The downfall of millionaire “Mr X,” long shielded by cash and contacts in Laos, has highlighted the role of the secretive communist country in showering pills across Southeast Asia.
Allegedly a key figure among gangs buying drugs from Myanmar’s methamphetamine labs, Laotian Xaysana Keophimpha — dubbed “Mr X” — is believed to have used his graft-riddled country to shuttle narcotics south.
The heavy-set 42-year-old was on Jan. 19 arrested by Thai police at Bangkok’s main airport en route to Laos where he lived freely, reveling in a lifestyle of celebrity parties and supercars.
He denies charges of drug possession and smuggling.
However, subsequent police operations have turned up several more men accused of running drugs through Laos, an opaque country whose role in the regional narcotics trade is gradually emerging.
They are the suspected intermediaries of the “Golden Triangle,” shifting pills, methamphetamine and heroin from the world’s second-largest drug producing zone to a regional market.
Among the accused is Xaysana’s friend Sisouk Daoheoung — a minor Laotian celebrity with a penchant for thoroughbred horses, and a shared devotion to fast cars and fancy holidays flaunted on social media.
If police are right, their ostentation in one of Asia’s poorest countries was funded by smuggling highly addictive caffeine-laced methamphetamine pills — better known as “yaba,” or crazy medicine — and crystal meth.
“From Xaysana’s phone and Facebook records it was clear he and Sisouk are friends ... their [drug] groups are connected,” Thai Police Major-General Supakit Srijantranon told reporters last week.
At US$8 a pop in Thailand, the best yaba pills rise in price the further they move from source, bringing extraordinary rewards to the traffickers.
The highest-quality pills — with 15 to 20 percent meth purity — come from the factories of the North and South Wa — where armed ethnic groups have marshalled a self-governing state on the Myanmar-China border — and by the Lahu community.
Poor, corrupt and bordering five countries, Laos makes for an ideal transit route to the rest of Southeast Asia.
Drugs are moved across the Mekong River into Thailand then onto Malaysia and beyond.
Thailand is being hit hard by the trade.
Between October last year and last month, the country seized 74 million pills, according to the Thai Narcotics Control Board, as well as 2 tonnes of crystal meth and 320kg of heroin.
Police are fighting back and say they have battered three major Laos-linked drug networks, confiscating tens of millions of dollars’ worth of assets including hotels, cars, cash and a horse-riding school in Vientiane.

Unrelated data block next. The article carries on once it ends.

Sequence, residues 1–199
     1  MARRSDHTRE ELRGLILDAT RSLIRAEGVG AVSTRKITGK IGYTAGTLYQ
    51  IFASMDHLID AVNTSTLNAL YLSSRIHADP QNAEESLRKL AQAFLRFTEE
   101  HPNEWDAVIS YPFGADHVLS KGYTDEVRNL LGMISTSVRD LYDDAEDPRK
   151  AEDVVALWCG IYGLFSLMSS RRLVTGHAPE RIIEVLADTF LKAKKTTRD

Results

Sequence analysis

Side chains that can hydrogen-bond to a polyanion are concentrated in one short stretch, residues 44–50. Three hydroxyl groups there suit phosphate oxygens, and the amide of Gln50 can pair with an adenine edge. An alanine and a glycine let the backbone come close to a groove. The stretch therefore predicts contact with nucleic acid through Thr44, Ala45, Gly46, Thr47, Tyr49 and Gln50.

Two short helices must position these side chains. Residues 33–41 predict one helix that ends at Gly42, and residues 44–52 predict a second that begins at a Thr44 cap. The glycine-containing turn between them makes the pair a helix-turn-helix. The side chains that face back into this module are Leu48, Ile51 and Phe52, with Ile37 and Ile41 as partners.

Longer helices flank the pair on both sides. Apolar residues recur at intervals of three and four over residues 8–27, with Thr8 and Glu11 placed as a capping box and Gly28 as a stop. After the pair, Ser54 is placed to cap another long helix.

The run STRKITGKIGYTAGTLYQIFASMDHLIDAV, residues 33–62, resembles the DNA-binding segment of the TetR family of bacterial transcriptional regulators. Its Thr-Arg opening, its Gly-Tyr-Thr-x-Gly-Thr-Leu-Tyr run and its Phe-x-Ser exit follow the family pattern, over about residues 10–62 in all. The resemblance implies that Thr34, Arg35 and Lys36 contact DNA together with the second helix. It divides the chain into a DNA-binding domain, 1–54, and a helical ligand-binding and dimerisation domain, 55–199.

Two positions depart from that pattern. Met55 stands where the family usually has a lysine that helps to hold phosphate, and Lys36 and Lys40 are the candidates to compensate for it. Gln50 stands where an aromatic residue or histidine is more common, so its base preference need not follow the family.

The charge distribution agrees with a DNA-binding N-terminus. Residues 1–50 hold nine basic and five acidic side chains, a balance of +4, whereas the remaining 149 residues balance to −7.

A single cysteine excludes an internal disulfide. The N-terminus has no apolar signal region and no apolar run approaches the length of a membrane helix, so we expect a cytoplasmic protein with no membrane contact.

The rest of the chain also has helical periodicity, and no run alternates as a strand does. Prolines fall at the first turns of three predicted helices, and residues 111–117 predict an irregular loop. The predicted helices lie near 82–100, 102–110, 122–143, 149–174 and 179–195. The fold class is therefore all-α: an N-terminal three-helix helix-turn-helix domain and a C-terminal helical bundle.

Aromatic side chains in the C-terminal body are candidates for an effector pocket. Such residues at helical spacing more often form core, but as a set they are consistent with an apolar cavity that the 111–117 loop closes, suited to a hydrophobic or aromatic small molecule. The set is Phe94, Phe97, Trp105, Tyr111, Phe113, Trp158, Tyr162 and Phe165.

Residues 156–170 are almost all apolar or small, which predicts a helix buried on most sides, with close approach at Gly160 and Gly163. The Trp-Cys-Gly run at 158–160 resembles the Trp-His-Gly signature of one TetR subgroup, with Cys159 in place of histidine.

They are hunting a fourth group led by Usman Salameang, a Thai believed to be holed up in Laos, wanted for moving gear through Thailand’s violent border area into Malaysia.
Historically, Laos has been reluctant to admit it has a drug problem.
However, under Laotian Prime Minister Thongloun Sisoulith the country is keen to show that it is flushing out criminals and corrupt officials.
The recent arrests are part of Sisoulith’s get-tough message to the drug gangs.
POINT-BLANK RANGE: Reporters and camera people from several outlets say police officers in Minneapolis had fired tear gas and rubber bullets directly at them Multiple journalists on the ground in Minnesota said they were teargassed and subject to other attacks by police on Saturday evening, a day after the widely condemned arrest of a CNN reporter live on air. Los Angeles Times journalist Molly Hennessy-Fiske, who was reporting outside the Fifth Precinct in Minneapolis, said she was with a group of about a dozen journalists when the Minnesota State Patrol “fired tear gas canisters on us at point blank range.” “I was saying: ‘Where do we go?’ They did not tell us where to go. They didn’t direct us. They just fired on us,” she said
HISTORIC FLIGHT: The astronauts named their capsule ‘Endeavour,’ after the space shuttle on which they both flew, while Elon Musk said he was overcome with emotion Two veteran NASA astronauts headed for the International Space Station (ISS) yesterday after Elon Musk’s SpaceX on Saturday became the first commercial company to launch a rocket carrying humans into orbit, ushering in a new era in space travel. SpaceX’s two-stage Falcon 9 rocket with astronauts Robert Behnken and Douglas Hurley aboard blasted off flawlessly in a cloud of bright orange flames and smoke from the Kennedy Space Center in Cape Canaveral, Florida, for a 19-hour voyage to the space station. “Let’s light this candle,” Hurley, the mission commander, told SpaceX mission control in Hawthorne, California, before liftoff at 3:22pm from NASA’s
For nearly a decade, the UN Security Council has been frequently paralyzed by Russia’s obstinacy over the Syrian crisis. Today, however, it is the US-China rivalry that has infected a growing array of issues, according to officials and diplomats. As recently as 2017, an understanding between Washington and Beijing allowed the UN on three occasions — involving separate sets of economic sanctions — to project international unity in the face of the North Korean nuclear threat. Three years later, the COVID-19 pandemic has seen a ferocious competition erupt between the UN’s two main contributors, prompting UN Secretary-General Antonio Guterres on May
INDIA Pride to be preserved The nation would not let its “pride be hurt” in its latest border flare-ups with China, but is determined to settle the dispute through talks, Minister of Defense Rajnath Singh said in a television interview late on Saturday. “Situations arise with China. It has happened before,” Singh said, adding that the government was striving to make sure “tension does not escalate.” The government has turned down US President Donald Trump’s offer to mediate, he said. IRAN Speaker says talks futile Newly elected Parliament Speaker Mohammad-Bagher Ghalibaf yesterday said that any negotiations with the US would be “futile.” The nation’s